Publication Details

Honoured guests

Ladies and Gentlemen:

1.   Introduction

The monetary policy framework in South Africa is facing its most severe challenge since the inception of inflation targeting in the year 2000. Inflation pressures have been building up strongly, and the most recent CPIX figure of 10,1 per cent is significantly above our inflation target and inconsistent with price stability. These pressures originated primarily from exogenous shocks such as oil, food and electricity price developments. However it is clear that inflation pressures have become more generalised, as evidenced by the continuous upward trajectory in the core indicators. For example, in June 2006 CPIX excluding food and energy measured 2,5 per cent. By April this year it had risen to 5,6 per cent, and indications are that this measure could rise further.

Of great concern is the significant deterioration of inflation expectations, which will give further impetus to these inflationary pressures. Over the past year inflation expectations have drifted upwards gradually, but nevertheless appeared to remain anchored within the inflation target range. This picture has changed significantly in the first quarter of this year. We have now observed the biggest increase in inflation expectations since the inception of the inflation expectations survey eight years ago. Reference here is made to the BER inflation expectations survey conducted on behalf of the South African Reserve Bank (SARB). This, together with the possible upward trend in unit labour costs, does not bode well for the inflation outlook going forward.

In response to these developments, and to the robust domestic demand that we have been experiencing, the monetary policy stance of the South African Reserve Bank has been tightened since June 2006 by a cumulative 450 basis points. The SARB, more specifically the Monetary Policy Committee (MPC), has been criticised by some commentators now that inflation has breached the upper limit of the target range, and this is interpreted as a sign of lack of determination, commitment, and the will to achieve and maintain price stability. At the same time, others have suggested that the degree to which the SARB has responded to those inflation developments has been excessive, too strict, dogmatic like inflation targeting “nutters”, insensitive to the plight of the poor, that monetary policy is after-all powerless in the face of supply side shocks, and that these actions have demonstrated a lack of concern for growth and employment in South Africa. Nothing can be further from the truth.

2.    The inflation targeting framework

At this point it may be useful to make a few comments about inflation targeting in general. Some recent statements from many commentators about the appropriateness of inflation targeting often seem to misunderstand what the framework is about. Here we wish to emphasise the word framework, because that is what it is. It is not a policy, and it is not an instrument. It is not a dogma. Take away inflation targeting, and we will still have monetary policy, we will still have the same instruments of monetary policy, and the Bank will still have a constitutional mandate to maintain low inflation. Furthermore, any central bank worth its salt would want in any case to achieve and maintain price stability, meaning low and stable sustainable inflation levels. So even if we did not have an explicit inflation target as set out in the inflation targeting framework, we would still want to pursue price stability. Central banks are in the business of price stability. Our monetary policy objectives would therefore remain the same, and we would face the same challenges as we confront today on how to respond to exogenous shocks and second round effects. It should be noted that it is not only formal inflation targeting central banks that successfully pursue a low inflation objective. The US Fed and the European Central Bank are cases in point.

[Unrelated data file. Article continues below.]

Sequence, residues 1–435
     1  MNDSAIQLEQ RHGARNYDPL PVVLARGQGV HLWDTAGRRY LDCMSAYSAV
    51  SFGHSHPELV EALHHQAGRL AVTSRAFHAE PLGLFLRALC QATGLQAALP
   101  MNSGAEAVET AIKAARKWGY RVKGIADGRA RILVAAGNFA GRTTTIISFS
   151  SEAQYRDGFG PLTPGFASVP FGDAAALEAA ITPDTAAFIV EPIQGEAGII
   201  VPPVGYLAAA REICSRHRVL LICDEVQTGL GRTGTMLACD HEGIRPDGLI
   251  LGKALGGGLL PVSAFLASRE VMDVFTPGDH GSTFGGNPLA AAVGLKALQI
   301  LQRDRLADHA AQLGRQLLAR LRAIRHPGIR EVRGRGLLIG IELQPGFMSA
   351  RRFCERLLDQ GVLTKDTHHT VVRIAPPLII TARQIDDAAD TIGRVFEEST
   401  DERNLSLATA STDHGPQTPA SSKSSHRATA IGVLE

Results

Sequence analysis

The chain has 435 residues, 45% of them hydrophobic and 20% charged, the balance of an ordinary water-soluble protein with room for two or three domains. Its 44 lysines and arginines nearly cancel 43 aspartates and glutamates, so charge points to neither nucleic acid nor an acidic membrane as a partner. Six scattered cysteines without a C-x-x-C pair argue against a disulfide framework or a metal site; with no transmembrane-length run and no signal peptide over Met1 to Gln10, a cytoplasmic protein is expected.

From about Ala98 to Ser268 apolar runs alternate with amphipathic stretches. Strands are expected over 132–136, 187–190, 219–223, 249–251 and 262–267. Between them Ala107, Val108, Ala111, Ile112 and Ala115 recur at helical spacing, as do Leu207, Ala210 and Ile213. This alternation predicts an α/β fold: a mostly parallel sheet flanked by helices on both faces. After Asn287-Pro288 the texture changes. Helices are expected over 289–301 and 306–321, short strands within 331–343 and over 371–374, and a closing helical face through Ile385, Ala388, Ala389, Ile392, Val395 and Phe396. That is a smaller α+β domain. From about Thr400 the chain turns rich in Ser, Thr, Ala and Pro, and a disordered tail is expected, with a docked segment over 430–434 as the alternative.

The advantage of an inflation targeting framework is that it provides an anchor for inflation expectations, as it makes explicit the goal of monetary policy. That publicly stated goal is very, very significant in that it also binds politicians to abide by it. This is in our case ex-ante coordination of policy. The more anchored expectations are the more flexibility monetary policy has in responding to exogenous shocks. But announcing a target on its own does not guarantee success. It is not a magic wand. It has to be backed up by appropriate actions to build monetary policy credibility in the eyes of the public. Credibility has to be earned, it is not ordained.

Those who criticise inflation targeting often argue that the framework is a straight-jacket which induces procyclical monetary policy particularly in the presence of supply-side shocks. Whether or not this is the case is an empirical question for debate, and is determined in part by the flexibility with which monetary policy is implemented. There is in our view, a distinction between what is referred to as strict and flexible inflation targeting. Strict inflation targeting central banks (or what Governor Mervyn King of the Bank of England has termed ‘inflation nutters’) would give no weight to short-term output considerations in the conduct of monetary policy. Most central banks, including the SARB, regard themselves as flexible inflation targeting institutions. By this we mean that there is factored into our decision-making systems concern about what the output costs of our monetary policy actions are going to be. In the jargon of economists, there is some weight on output variability in the Bank’s objective function. The inflation objective is not discarded, but rather there is a more pragmatic approach to the speed with which inflation is brought back to within the target range. However there is a trade-off between an excessively long period, which would reduce credibility and raise questions about the commitment of the monetary authorities to low inflation, and an excessively short period in which real costs may be high. The rest is judgement for which a central bank must and shall be held accountable.